The Volcano Reappears!
This month’s Volcano has been a long time coming. Since 2012, The Volcano has published a newspaper every 3 months or so, and since 2017, an online newsletter every week. The Volcano has been a consistent source of social movement journalism for low-income working class and Indigenous communities throughout British Columbia, which we have always published from our base on unceded Coast Salish territories, home of the Musqueam, Tsleil-Waututh, and Squamish Nations. But this month’s Volcano is a return from a particularly long break (nearly a year!), and we are reappearing with some editorial and publishing changes. This editorial explains why we paused publication and what restarting The Volcano means to the current editors.
A break from publishing but not from struggle
In May 2017 The Volcano published our spring issue on the occasion of the Provincial election. Our election issue focused on 16 years of BC Liberal control over the legislature and argued that, as Thatcher claimed of her influence over the Labour Party in Britain, Gordon Campbell and Christy Clark’s greatest legacy was winning the BC NDP over to finance and investment growth economics and austerity governance. We argued that the flight of Canadian manufacturing industries in pursuit of cheap labour and lesser regulations in the global south, and the BC Liberal attacks on public sector unions, has had devastating impacts on the trade union movement and therefore the NDP. We said that capitalism’s economic reason for social democratic redistribution policies – taxing the rich to fund social programs for unemployed or low-income workers – is gone. Therefore, we said, the traditional parties of social democracy – whether Vision Vancouver or the Burnaby Citizen’s Association at municipal levels or the NDP at the Provincial level – have adopted neoliberal programs that focus on encouraging capitalist investment, at the expense of social programs.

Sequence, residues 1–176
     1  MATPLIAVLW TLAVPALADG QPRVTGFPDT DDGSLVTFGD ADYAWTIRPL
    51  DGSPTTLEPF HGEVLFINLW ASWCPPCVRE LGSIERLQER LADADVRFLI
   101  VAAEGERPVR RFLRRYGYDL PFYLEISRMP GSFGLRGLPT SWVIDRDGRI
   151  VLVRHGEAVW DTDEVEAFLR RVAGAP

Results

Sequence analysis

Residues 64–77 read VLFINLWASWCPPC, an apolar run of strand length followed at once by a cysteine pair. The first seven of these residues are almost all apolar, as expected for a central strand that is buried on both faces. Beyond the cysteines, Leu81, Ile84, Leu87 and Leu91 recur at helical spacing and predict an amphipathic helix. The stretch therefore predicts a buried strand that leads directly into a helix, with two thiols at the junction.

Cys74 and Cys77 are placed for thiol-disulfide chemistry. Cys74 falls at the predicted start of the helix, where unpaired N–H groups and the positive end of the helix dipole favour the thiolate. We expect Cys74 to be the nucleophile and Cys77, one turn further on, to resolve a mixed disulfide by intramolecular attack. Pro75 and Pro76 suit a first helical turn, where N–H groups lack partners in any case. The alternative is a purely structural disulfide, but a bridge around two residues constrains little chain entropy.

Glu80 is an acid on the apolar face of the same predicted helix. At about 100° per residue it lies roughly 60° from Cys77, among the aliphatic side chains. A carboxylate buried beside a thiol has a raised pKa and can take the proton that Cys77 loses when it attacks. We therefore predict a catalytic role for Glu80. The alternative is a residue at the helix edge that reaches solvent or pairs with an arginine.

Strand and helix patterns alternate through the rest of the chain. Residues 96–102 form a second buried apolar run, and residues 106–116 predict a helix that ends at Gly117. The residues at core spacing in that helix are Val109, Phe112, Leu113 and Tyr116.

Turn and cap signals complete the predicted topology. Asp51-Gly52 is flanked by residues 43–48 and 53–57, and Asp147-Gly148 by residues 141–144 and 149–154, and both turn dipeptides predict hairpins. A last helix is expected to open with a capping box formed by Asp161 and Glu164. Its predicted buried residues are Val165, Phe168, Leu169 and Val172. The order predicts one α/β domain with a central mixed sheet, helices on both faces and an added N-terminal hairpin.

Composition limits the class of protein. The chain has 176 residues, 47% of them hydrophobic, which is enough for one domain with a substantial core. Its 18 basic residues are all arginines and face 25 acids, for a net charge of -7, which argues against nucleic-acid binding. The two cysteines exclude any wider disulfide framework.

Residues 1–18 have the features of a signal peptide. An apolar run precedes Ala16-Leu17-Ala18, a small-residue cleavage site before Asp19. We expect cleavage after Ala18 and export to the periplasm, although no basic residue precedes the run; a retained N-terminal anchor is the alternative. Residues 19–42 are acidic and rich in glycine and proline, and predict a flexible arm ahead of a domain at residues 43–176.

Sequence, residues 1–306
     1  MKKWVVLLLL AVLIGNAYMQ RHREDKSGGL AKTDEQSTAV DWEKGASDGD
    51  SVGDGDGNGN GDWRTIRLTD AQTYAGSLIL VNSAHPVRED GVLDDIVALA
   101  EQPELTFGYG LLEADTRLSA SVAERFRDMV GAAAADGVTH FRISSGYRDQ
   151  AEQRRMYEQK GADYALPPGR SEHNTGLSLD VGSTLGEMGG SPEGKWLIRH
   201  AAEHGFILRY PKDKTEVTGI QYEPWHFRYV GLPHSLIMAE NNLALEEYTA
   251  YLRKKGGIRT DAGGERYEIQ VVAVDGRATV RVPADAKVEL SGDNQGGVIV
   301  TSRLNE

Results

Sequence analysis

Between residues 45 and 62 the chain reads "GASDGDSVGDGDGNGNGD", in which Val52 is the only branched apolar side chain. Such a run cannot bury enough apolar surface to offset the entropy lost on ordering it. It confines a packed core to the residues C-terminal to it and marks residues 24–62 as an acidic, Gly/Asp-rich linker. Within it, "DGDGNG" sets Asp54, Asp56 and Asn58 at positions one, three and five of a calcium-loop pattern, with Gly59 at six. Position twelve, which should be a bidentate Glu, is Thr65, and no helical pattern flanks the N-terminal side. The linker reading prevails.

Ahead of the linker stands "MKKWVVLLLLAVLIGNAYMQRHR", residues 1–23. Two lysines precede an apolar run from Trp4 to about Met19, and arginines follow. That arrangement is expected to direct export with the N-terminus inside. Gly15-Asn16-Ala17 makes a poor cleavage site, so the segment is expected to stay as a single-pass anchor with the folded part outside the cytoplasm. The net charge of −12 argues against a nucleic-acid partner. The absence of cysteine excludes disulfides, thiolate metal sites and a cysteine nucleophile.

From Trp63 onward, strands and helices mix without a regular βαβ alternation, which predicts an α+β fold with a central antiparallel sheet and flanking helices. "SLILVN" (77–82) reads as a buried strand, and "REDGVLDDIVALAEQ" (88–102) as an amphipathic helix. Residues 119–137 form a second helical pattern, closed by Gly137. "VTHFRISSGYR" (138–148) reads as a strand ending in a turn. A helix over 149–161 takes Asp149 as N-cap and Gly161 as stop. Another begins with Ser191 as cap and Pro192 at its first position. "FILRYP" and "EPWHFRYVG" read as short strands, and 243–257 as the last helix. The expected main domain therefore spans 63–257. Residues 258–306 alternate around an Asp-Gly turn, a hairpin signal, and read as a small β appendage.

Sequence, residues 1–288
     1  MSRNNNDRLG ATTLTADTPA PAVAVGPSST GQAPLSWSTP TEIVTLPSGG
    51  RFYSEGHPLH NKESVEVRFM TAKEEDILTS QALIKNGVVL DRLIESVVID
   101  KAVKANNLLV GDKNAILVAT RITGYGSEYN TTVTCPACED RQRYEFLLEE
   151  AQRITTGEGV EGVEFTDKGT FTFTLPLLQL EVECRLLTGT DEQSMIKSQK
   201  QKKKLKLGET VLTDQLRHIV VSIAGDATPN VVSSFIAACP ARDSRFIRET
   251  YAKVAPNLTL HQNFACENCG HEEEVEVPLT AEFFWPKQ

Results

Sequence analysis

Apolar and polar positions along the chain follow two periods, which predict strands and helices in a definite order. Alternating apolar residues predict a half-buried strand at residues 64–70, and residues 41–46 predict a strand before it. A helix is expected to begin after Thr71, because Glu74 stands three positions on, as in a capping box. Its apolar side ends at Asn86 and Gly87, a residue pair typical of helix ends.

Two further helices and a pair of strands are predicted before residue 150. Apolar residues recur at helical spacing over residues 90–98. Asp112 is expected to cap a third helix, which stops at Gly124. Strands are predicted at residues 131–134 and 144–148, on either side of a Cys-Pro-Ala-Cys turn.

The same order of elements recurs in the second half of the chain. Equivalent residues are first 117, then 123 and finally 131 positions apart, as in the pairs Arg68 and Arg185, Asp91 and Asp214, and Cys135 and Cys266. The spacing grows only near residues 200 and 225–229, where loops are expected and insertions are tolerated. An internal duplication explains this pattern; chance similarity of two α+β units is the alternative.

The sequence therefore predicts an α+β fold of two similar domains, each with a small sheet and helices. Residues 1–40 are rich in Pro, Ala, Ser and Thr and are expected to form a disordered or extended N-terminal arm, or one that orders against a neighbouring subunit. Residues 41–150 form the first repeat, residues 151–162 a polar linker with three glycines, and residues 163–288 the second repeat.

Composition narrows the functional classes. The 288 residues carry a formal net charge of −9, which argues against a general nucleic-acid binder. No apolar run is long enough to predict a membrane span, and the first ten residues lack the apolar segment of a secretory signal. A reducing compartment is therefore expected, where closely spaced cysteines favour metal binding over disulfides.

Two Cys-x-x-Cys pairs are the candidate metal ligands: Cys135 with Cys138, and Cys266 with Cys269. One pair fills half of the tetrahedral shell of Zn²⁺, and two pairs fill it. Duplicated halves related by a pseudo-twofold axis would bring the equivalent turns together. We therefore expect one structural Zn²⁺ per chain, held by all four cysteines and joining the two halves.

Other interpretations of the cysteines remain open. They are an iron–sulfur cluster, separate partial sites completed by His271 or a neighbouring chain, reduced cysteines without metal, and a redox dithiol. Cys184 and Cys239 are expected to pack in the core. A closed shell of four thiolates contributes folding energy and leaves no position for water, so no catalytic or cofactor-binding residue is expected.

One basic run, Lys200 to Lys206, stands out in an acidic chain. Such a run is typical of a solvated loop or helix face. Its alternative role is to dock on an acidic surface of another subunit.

Members of The Volcano editorial board had differing interpretations about what to do about this problem. Two different approaches to meeting this challenge emerged within the collective: 1) Building a new social democratic electoral party, using community organizing as a platform for electoral politics in order to push for policy reform that benefits low-income working-class populations and; 2) Building the anti-capitalist and anti-colonial dual power of those working-class and Indigenous communities, using community self-defense and survival campaigns that block police and courts from displacing us in order to take and create the homes and resources we need, and which the Canadian state refuses us. For our first years together, we had been able to hold these differences in the newspaper collective. But tensions increased between these opposing positions with the election of the BC NDP, which strained alliances between revolutionaries and social democrats that had been possible with the NDP in opposition, and the weakening of Vision Vancouver, which opened possibilities for a new electoral project in Vancouver municipal politics. The Volcano is refounding as a publication that is part of a ground-up revolutionary social struggle against the colonial Canadian state and the international capitalist class.
Our community is international
The Volcano editors have years of experience in on-the-ground community self-defense campaigns in cities and towns throughout southern British Columbia. We have learned that The Volcano can be a valuable social movement tool—one that connects leaders, strategies, and lessons across local communities. But while we have linked homeless struggles in Maple Ridge with those hours away in Victoria, we believe limiting ourselves to one province in one country is not enough; The Volcano needs to take pan-regional reporting and organizing to a national and international level. The Volcano is reemerging with a commitment to building connections with anti-colonial, anti-imperial, and anti-capitalist struggles internationally—so in coming issues, while you will still see coverage of local community struggles that you won’t read anywhere else, you will also see articles about political problems and fightbacks that take place all over the world.